As I walk through the hallways and take in the view of the classrooms of the schools here at Tippecanoe Valley School Corporation, there are several things that I do not see.
I do not see classrooms that resemble the classrooms in which I grew up or even began my teaching career. Long gone are the classrooms with the desks all in neat little rows. Some classrooms don’t even have desks! Where is the overhead projector and the film strip projector? What about the classroom set of encyclopedias?  Even the traditional chalk board is missing. Instead I see classroom that are filled with media rich technologies.
The chalk board has been replaced with a white board or interactive white board which doubles as a projection screen. There are video projectors mounted in the ceilings that are connected to DVD/VCR players and to computers in the classrooms. Teachers have document cameras that allow the teachers to display just about anything to the white board.  Students are using PC’s, laptops and tablets located in the classrooms and in labs. And to top it all off, all these devices are in some way connected to the Internet.
So the question at hand is, and I have heard this question several times this past year, “What are our kids going to do with all this technology?”
As you walk around the schools, you will see kids using applications that allow for enrichment and remediation of basic skills. You might see kids working together to create a presentation or a video on a particular topic. You will probably see kids participating in online discussions through a blog, Facebook, Twitter or other social media. They will be using the whiteboard, posting to MyBigCampus or Edmodo, creating music, making Prezis, creating webpages, writing research papers not to mention taking all the different state and local assessments. These are what you will probably see.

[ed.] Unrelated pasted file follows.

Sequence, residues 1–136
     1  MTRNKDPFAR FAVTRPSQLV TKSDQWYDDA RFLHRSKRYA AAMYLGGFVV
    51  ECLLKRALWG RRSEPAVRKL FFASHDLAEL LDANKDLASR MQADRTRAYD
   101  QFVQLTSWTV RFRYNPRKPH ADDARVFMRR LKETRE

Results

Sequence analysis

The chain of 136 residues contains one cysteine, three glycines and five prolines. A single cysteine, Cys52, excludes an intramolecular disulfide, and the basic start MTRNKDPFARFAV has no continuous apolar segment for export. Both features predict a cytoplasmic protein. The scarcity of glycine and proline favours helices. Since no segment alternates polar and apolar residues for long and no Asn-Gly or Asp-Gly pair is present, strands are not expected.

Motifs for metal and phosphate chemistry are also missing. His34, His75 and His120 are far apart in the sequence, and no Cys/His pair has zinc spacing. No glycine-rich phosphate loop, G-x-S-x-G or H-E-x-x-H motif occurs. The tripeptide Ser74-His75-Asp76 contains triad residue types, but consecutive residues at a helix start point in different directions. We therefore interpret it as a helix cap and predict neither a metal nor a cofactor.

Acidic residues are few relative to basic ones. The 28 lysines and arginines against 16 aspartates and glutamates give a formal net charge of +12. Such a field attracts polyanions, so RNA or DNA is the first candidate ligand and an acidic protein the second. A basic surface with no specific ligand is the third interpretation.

However, the technology is not the learning outcome teachers are looking to achieve. The technology is simply tools for something more – finding answers (to their questions), collaborating with others, raising awareness, changing minds and making a difference.
The game of basketball looks very different today than when it was invented by James Naismith. Similar to the sports world, our education landscape is continually changing, so it makes sense that our teaching strategies continue to adapt.
Technology has been a major revolution in the classroom. The technology has allowed the learning experience to grow beyond the traditional four walls of the classroom and the resources within.  Students are able to visit places and talk with people from all over the world from within the safety of their classroom.
By effectively using the technology, students have access to more resources, articles, publications, images, still and video, allowing them to make more informed opinions/decisions and participate in discussions bringing a global perspective.
During the fall I had the chance to work with a team of dedicated teachers, administrators and parents that were working to write a strategic plan for the Tippecanoe Valley School Corporation.  
From the work of this passionate group of people came a vision statement, “Tippecanoe Valley School Corporation does whatever it takes to equip all students to be outstanding – today, tomorrow, and beyond.”
Because of this vision, we invest in the technology as a tool to help prepare our students, K-12, to be outstanding in today’s global presence.